Promoting Good Governance.

Dozens of child sex abuse victims sue Catholic Church in New York after change in law

OVER 70 persons in New York State who were victims of sexual abuse as children have sued the Roman Catholic Church on Wednesday under a new law.

The Child Victim Act which came into effect today temporarily enabled victims to file lawsuits over decades-old crime.

According to the New York County Supreme Court records, most of them accusing priests of sexually abusing them as children and church leaders of covering up the priests’ crimes.

The Act will scrap for one year a statute of limitations that had barred older complaints. The change in the law means people of any age have a year to file a retroactive sexual abuse lawsuit against an alleged offender.

The change has been applauded by human right activists who said the new development is an enthronement of justice.

The bill amends “New York’s antiquated laws to ensure that perpetrators are held accountable for their actions, regardless of when the crime occurred,” Andrew Cuomo’s, Governor, New York State said in a statement after he signed the measure into law in February.

The law is expected to lead to hundreds of lawsuits against churches, schools and youth groups.

A lawsuit was has been filed already against Boy Scouts of America, accusing the national organization of knowingly employing thousands of leaders who were suspected of molesting children.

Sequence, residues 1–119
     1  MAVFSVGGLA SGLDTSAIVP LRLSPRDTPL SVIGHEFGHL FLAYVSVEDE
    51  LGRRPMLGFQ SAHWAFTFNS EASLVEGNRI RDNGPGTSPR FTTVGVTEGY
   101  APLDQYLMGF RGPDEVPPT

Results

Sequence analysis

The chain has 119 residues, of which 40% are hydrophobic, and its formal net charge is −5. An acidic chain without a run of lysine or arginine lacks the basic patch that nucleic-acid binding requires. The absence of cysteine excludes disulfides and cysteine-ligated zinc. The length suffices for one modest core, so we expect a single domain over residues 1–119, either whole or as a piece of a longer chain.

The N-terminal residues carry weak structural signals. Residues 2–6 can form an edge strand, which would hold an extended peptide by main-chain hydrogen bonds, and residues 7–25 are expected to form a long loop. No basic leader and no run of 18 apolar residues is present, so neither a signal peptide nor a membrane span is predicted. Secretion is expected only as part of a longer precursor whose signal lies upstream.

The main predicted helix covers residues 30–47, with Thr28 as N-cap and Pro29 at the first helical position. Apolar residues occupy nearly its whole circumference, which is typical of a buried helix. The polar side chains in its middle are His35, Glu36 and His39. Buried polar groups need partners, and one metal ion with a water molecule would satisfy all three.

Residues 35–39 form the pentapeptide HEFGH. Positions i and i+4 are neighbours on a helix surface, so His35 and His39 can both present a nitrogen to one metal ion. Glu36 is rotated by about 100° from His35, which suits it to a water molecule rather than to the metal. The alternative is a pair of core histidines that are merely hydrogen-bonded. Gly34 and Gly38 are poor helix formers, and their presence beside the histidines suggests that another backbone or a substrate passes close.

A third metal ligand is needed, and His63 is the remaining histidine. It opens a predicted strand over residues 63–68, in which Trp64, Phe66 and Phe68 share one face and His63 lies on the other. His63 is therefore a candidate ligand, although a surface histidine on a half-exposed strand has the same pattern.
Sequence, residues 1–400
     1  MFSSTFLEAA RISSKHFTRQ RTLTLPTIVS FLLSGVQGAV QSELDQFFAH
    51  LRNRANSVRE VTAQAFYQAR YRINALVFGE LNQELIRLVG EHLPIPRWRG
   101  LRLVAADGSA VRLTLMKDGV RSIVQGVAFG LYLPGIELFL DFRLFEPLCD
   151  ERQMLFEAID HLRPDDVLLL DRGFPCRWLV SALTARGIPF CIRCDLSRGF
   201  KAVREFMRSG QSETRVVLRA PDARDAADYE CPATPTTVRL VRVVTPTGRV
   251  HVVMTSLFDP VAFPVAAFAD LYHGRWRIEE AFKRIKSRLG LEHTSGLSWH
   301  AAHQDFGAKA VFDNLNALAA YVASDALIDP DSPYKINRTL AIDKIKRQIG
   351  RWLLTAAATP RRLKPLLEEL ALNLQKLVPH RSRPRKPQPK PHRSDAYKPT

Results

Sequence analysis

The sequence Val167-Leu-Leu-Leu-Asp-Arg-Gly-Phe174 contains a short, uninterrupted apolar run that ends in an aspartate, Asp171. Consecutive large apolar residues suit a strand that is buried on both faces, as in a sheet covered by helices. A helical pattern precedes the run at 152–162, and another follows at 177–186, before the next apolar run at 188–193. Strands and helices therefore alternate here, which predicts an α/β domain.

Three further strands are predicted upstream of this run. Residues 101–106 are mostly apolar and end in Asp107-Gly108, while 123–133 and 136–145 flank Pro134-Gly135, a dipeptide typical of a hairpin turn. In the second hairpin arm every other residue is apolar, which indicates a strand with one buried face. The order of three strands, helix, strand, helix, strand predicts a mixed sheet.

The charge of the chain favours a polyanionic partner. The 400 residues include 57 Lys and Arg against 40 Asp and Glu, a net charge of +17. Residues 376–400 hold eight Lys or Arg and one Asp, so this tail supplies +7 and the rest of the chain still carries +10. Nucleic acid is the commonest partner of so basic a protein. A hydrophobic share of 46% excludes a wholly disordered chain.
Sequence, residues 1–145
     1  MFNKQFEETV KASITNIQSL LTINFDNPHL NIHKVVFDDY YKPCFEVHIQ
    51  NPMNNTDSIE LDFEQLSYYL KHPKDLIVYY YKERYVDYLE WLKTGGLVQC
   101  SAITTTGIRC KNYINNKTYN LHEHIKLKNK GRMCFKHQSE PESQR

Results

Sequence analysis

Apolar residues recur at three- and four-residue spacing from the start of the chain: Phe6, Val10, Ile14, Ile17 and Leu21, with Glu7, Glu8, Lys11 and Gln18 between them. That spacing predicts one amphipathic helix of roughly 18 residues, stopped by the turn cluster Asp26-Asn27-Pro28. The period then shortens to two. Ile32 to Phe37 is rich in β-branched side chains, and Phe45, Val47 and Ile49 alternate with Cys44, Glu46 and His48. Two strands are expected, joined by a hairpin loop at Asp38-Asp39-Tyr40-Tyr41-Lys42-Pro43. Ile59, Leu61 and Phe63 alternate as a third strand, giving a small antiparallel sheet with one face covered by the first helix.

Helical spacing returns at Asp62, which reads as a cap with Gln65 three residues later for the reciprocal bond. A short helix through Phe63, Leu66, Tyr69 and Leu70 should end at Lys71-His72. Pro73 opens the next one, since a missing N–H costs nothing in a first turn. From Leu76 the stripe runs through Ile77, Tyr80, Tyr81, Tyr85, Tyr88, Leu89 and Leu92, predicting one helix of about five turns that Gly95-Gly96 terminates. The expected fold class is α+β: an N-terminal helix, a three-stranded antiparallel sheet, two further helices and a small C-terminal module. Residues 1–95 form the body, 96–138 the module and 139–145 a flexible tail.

More cases are expected to be filed in the coming weeks against churches, schools, hospitals and other institutions across New York City, with defendants ranging from the plaintiffs’ relatives and neighbours to members of the clergy.

Weitz & Luxenberg, a law firm in New York said it would file 400 lawsuits under the Child Victims Act just in New York City, with plaintiffs ranging from teenagers to people in their 90s.

The firm claimed it was representing more than 1,200 people who were victims of sexual abuse as children.

A separate group of law firms, including Seeger Weiss, said it would be representing at least 170 plaintiffs across the state, many with complaints against the Roman Catholic Church.

After the one-year period expires, victims will have until the age of 55 to sue alleged abusers.


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